From the publishers of THE HINDU
VOL.33 :: NO.47 :: Nov. 25, 2010
Valencia's Roberto Soldado controls the ball during a La Liga match against Barcelona at the Camp Nou stadium in Barcelona, Spain.
Some footballers explode onto the world stage at a tender age, others take time to leave their mark on the game.
In the case of Valencia striker Roberto Soldado, both statements have a ring of truth.
After a bright start to his career, Soldado's star went on the wane during several frustrating seasons with Real Madrid before he rebuilt his reputation with mid-ranking Spanish Primera Division outfits Osasuna and Getafe. He is now clawing his way back to the summit of Spanish football after joining Valencia over the summer, a move that finally established Soldado as one of the prominent Spanish frontmen in La Liga.
Two goals in Los Che's 3-0 UEFA Champions League victory over Rangers was a timely reminder of the 25-year-old's talents, which have often been overlooked amid the glut of attacking stars in the Spanish game.
A product of the Madrid youth programme, Soldado was prolific as he rose through the ranks at the Bernabeu and was tipped to emerge as a major star for Los Merengues.
The Valencia native began promisingly in the Madrid first team, marking his European debut with the winner against Olympiacos in a group stage match in September 2005. But he managed just one more goal in his breakthrough season as forecasts of a glittering career at the capital club were quickly found to be wide of the mark.
At just 20 years of age, the fledging Soldado was always likely to find it tough to earn a regular berth in the starting XI, with Brazilian trio Ronaldo, Robinho and Julio Baptista, not to mention club legend Raul, ahead of him in the pecking order.
As a fringe player at best and with his first-team appearances in La Liga standing at just 11, Soldado became the first victim of the rebuilding programme undertaken by Fabio Capello in 2006 following three seasons without silverware.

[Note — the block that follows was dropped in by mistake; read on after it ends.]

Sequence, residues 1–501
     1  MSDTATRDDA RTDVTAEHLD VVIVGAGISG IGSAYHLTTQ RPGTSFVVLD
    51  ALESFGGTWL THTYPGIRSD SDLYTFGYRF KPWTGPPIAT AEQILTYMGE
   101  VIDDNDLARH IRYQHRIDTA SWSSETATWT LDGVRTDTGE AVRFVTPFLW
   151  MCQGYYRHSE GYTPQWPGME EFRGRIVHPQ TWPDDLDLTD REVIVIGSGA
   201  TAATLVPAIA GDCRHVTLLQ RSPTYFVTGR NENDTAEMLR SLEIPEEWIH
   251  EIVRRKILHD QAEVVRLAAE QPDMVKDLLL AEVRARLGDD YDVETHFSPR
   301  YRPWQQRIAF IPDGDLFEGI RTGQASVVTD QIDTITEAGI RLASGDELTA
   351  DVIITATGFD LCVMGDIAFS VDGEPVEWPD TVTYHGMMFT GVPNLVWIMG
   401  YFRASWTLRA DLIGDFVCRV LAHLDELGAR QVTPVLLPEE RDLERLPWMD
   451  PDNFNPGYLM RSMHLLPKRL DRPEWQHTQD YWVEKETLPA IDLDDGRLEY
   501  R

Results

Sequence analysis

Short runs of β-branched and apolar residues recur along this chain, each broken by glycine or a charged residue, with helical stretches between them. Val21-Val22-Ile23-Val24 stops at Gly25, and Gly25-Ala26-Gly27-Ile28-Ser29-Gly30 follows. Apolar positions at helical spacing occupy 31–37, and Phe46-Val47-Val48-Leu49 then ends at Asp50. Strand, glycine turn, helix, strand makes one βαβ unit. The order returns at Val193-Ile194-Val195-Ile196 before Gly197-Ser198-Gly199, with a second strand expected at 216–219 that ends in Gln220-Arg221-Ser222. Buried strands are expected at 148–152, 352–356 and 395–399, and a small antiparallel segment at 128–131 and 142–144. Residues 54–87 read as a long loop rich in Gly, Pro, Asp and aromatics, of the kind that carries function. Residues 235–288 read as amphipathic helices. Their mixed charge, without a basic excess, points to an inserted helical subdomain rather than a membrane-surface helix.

A season-long loan spell at Osasuna removed Soldado from the all-pervading pressures at Real, and he thrived away from the spotlight, scoring 14 goals in all competitions for the Pamplona club.
Madrid responded by offering him a new contract, but it was to prove a false dawn with Soldado managing just five appearances in the 2007/08 campaign before his Bernabeu frustration was ended with a four million euro switch to Getafe in July 2008.
While a setback at the time, when Soldado calls time on his career years down the line he may point to his move to Madrid's cross-town rival as the moment it all started to come good.
His time at Getafe was a roaring success, delivering 29 goals in 60 league appearances and ensuring his team qualified for the Europa League at the end of last season.
Confirmation of his emerging reputation as a top-class performer came when Valencia bought him as the replacement for David Villa, the European and world champion with Spain who moved to Barcelona in May for 40 million euros.
Los Che's swoop for Soldado cost the club just a quarter of the fee they received for Villa, but the pressure was nevertheless firmly on the prodigal son as he moved to his hometown club aiming to plug the gap left by the departure of one of the world's best players.
His time at the Mestalla has started modestly enough with five goals in all competitions — three of those coming in the Champions League — but better will be expected in the coming months if Valencia's fans are to accept him as the long-term solution to Villa's exit.
Approaching the prime of his career, it really is a case of now or never for the late-blossoming Soldado.
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